Uzbekistan's President Sworn In for a Controversial Third Term

Uzbek President Islam Karimov was sworn in for a third term Wednesday, Uzbek media reported, after an election declared undemocratic by Western observers.

Karimov won 88 percent of ballots cast in the Dec. 23 vote, in which he faced three candidates who publicly supported his re-election. Four independent candidates affiliated with a political group whose leader has been jailed for alleged financial violations were barred from the race.

Karimov, in power since before the 1991 Soviet breakup, ran for a third term despite a constitutional two-term limit in the Central Asian nation.

The election-monitoring arm of the Organization for Security and Cooperation in Europe said the vote failed to meet an array of democratic standards. It said voters were deprived of a genuine choice because all candidates publicly endorsed the incumbent.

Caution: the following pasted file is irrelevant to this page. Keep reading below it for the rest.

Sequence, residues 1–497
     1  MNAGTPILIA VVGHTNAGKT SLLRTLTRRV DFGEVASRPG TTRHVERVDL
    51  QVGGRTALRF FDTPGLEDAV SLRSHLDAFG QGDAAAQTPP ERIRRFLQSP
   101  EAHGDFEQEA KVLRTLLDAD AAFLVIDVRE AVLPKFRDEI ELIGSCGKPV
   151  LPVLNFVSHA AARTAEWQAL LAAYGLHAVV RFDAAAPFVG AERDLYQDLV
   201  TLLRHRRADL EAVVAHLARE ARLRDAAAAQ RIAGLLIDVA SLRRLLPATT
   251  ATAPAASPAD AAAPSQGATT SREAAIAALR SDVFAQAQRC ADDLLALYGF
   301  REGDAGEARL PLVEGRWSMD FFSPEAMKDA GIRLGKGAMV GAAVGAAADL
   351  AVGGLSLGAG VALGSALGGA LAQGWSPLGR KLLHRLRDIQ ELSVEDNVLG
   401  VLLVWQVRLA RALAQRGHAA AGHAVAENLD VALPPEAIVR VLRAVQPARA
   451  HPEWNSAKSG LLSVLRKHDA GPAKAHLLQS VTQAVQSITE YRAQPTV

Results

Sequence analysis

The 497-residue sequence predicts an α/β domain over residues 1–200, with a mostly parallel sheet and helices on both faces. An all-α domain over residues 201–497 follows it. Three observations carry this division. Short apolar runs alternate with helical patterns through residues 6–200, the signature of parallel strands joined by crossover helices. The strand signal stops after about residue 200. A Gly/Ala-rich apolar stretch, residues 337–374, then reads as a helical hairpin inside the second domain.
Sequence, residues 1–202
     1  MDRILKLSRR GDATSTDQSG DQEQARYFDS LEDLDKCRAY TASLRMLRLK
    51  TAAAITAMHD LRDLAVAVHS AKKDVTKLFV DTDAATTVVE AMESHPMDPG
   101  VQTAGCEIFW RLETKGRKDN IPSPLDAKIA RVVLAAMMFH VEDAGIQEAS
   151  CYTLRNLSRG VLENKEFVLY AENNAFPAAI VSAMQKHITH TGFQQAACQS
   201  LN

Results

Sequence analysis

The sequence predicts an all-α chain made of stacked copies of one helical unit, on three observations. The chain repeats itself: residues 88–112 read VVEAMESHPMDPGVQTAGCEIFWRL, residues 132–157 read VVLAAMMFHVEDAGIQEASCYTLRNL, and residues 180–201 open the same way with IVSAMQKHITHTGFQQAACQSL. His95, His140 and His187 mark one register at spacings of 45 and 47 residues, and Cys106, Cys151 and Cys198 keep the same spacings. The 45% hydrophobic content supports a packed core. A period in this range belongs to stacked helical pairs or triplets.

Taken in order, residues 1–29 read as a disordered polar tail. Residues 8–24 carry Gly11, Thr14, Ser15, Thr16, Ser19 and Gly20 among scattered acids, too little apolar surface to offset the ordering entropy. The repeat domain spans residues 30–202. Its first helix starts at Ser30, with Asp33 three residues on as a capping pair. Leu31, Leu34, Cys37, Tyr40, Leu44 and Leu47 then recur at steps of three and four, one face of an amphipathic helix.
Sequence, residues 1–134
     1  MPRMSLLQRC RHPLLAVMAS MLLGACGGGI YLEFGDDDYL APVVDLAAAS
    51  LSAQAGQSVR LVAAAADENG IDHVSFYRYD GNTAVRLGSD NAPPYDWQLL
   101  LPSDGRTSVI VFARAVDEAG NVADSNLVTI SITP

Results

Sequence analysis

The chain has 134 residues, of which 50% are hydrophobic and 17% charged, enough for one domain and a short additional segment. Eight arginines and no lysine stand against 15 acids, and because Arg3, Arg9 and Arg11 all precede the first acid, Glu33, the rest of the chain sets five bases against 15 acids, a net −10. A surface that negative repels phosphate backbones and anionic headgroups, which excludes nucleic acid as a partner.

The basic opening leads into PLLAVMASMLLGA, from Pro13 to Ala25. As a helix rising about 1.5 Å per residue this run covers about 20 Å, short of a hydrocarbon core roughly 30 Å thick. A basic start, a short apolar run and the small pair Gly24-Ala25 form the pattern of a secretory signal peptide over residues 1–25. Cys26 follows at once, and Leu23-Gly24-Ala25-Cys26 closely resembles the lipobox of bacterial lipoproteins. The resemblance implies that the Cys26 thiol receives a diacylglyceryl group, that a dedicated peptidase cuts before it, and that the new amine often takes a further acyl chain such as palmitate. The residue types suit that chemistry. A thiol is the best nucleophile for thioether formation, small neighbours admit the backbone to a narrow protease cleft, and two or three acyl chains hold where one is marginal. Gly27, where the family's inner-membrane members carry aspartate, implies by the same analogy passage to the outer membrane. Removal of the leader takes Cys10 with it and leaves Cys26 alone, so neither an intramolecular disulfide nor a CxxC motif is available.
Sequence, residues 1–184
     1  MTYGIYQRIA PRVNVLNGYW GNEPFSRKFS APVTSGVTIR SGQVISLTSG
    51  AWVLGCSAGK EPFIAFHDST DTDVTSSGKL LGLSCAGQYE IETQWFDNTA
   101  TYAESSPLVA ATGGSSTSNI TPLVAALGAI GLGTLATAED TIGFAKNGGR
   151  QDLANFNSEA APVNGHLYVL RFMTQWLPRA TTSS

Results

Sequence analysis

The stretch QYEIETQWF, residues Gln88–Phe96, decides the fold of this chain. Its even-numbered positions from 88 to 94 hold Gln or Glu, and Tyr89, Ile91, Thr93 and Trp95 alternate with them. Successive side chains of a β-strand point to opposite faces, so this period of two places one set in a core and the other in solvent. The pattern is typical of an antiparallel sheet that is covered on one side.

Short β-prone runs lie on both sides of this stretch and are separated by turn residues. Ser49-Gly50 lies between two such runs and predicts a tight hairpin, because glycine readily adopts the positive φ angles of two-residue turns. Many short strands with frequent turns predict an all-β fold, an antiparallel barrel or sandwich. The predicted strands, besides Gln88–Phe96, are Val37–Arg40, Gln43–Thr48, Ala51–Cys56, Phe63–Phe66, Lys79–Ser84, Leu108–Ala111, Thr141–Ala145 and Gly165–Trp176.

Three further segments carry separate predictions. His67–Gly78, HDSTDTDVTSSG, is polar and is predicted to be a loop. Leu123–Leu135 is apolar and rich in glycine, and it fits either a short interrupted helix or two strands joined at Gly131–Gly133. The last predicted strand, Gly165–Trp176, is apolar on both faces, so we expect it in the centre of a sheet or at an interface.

Karimov has maintained a hostile stance toward the West since criticism of his government's bloody crackdown on an uprising in the city of Andijan in 2005.

Rights groups and witnesses said at least 700 were shot dead by security forces that opened fire on a crowd of mostly peaceful protesters. Karimov's government put the death toll at 187 and accused Islamic militants of organizing a coup.

He ordered the closure of a U.S. airbase in the country later that year.

Karimov, a Soviet-era Communist Party boss, won two previous presidential elections and had his term extended twice, once through the parliament and once by referendum. None of the votes was recognized by international observers as free or fair.

Freedom House, a U.S.-based democracy watchdog, said in its annual report Wednesday that Uzbekistan remained among the world's most repressive societies. The group called Karimov's re-election a "blatant violation" of the country's constitution.